HALF MOON BAY, Calif. — Moore’s law is not keeping pace with the growing needs of the still-young market for cloud services, a Google manager told executives at the annual Industry Strategy Symposium here. He called for a suite of innovations in processors, memories, interconnects, and packaging.
“The slowdown in Moore’s law and the growth of cloud services has brought us to an inflection point,” said Prasad Sabada, a senior director of operations who oversees sourcing for Google’s data center hardware. “The game is changing again and we need the industry to respond in a meaningful way.”
Specifically, he called for processors optimized to reduce latency in context switching and other operations key to Google’s actual workloads. “We’ve seen many processors optimized for Spec [a synthetic benchmark], but at Google, our workloads differ significantly from Spec.”
Google also wants memory chips with lower latency. “We can get as much bang for the buck improving memory latency as processor performance,” said Sabada, pointing to promising work on new memory architectures.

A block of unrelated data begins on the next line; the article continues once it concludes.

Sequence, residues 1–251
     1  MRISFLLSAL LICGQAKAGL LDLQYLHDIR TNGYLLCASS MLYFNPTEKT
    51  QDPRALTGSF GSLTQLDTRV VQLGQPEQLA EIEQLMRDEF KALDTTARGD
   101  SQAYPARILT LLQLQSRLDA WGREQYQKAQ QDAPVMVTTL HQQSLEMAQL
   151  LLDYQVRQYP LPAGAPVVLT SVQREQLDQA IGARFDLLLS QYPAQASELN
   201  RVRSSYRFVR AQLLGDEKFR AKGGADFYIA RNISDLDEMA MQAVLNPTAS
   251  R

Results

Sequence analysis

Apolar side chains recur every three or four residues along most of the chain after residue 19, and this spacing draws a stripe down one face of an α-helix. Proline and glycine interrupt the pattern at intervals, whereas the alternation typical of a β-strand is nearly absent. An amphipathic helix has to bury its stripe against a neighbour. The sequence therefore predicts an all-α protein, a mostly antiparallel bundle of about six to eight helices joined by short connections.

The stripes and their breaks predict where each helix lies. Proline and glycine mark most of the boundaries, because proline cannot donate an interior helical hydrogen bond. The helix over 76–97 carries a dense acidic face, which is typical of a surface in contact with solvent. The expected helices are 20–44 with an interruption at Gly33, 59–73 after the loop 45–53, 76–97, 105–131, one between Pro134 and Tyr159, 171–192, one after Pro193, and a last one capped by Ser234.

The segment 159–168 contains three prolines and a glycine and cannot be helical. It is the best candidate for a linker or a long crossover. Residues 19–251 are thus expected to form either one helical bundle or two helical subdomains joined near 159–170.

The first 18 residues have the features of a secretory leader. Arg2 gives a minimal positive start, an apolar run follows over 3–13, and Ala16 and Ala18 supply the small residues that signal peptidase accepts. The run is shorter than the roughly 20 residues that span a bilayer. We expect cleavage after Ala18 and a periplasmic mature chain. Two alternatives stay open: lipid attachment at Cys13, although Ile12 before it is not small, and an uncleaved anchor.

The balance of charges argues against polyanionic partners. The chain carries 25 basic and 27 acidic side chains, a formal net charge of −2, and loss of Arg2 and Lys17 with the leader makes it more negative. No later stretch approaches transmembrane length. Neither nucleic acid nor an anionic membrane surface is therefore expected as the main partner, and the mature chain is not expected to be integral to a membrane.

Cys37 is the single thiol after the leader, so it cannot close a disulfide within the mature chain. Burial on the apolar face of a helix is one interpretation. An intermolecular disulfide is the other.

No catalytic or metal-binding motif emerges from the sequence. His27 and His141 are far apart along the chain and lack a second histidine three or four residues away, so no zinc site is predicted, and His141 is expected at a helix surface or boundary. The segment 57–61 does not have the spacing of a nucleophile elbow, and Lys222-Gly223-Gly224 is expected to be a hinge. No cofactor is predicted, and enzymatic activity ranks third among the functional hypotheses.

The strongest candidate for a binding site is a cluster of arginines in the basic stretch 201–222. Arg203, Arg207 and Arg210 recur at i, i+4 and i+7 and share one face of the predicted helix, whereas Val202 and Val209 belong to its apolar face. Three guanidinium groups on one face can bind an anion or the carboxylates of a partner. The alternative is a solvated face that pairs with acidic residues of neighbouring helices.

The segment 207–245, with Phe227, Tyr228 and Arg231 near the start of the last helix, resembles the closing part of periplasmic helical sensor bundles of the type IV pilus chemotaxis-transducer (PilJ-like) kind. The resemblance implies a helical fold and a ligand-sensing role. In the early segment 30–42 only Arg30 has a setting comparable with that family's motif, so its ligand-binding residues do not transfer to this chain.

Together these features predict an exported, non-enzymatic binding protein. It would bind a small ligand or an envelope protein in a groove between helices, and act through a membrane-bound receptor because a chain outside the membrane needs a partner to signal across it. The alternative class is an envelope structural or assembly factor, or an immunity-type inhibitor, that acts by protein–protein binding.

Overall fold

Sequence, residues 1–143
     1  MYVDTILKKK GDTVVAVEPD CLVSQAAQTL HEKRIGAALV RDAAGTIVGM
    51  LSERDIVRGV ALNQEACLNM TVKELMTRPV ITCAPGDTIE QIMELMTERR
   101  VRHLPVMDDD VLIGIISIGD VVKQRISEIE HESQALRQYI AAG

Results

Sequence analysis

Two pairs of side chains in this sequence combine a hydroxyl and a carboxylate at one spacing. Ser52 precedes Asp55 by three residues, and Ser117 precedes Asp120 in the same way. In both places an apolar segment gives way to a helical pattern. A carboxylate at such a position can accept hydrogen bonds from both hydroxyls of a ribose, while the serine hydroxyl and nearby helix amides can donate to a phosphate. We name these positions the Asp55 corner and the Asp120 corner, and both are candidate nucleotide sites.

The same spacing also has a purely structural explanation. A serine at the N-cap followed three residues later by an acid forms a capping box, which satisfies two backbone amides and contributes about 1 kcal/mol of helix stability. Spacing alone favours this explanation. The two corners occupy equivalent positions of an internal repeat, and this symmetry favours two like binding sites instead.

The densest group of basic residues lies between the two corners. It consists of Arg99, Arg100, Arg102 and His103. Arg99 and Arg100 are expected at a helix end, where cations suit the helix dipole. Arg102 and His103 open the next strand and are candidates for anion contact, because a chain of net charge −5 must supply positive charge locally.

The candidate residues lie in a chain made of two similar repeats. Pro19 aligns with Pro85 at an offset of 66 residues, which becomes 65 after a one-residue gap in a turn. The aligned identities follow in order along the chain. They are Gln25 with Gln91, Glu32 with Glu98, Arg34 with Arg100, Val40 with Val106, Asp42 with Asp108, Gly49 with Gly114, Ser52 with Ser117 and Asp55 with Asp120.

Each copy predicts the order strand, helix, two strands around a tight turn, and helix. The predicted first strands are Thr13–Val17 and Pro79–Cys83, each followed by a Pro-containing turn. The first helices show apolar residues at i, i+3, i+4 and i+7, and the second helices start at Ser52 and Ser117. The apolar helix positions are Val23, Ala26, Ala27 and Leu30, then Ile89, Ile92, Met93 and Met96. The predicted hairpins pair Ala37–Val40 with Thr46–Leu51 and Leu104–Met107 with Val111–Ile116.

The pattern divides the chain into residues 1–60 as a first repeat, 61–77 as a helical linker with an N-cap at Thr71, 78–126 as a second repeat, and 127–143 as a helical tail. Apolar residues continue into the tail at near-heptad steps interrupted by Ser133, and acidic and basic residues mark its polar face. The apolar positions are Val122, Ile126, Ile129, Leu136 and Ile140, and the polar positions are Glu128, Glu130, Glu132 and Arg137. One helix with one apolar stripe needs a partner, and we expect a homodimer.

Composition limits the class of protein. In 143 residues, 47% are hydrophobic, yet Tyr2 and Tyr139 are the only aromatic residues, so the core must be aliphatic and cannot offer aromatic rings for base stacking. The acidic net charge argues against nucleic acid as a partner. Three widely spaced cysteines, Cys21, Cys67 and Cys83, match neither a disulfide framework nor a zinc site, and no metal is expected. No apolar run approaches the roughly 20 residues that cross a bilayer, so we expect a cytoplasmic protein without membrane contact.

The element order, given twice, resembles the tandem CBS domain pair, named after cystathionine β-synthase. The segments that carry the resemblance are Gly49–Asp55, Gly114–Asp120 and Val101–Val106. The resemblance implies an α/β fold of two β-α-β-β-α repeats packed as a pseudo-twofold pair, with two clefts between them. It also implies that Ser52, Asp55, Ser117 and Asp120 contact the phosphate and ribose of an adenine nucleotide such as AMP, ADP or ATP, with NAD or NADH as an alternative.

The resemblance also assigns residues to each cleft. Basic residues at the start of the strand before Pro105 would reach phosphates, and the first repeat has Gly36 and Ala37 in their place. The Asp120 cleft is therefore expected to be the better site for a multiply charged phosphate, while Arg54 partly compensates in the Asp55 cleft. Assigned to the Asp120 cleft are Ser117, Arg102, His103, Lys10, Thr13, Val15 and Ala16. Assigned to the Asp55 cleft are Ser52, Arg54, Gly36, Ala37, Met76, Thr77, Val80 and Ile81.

Nearly a year ago, rival Facebook came out in support of Intel’s 3D XPoint memories, which promise improvements over today’s NAND flash. Intel started limited sampling of the chips late last year.
In interconnects, today’s typical “processor bus has a lot of overhead accessing I/O and accelerator devices” and is not suited to emerging memory architectures, he said. In addition, optical interfaces such as silicon photonics are needed to link servers in the data center.
Sabada called out IBM’s OpenCAPI interface as one effort it supports. He did not mention two separate efforts launched last year, CCIX and GenZ, for open interfaces for accelerators and storage-class memories, respectively.
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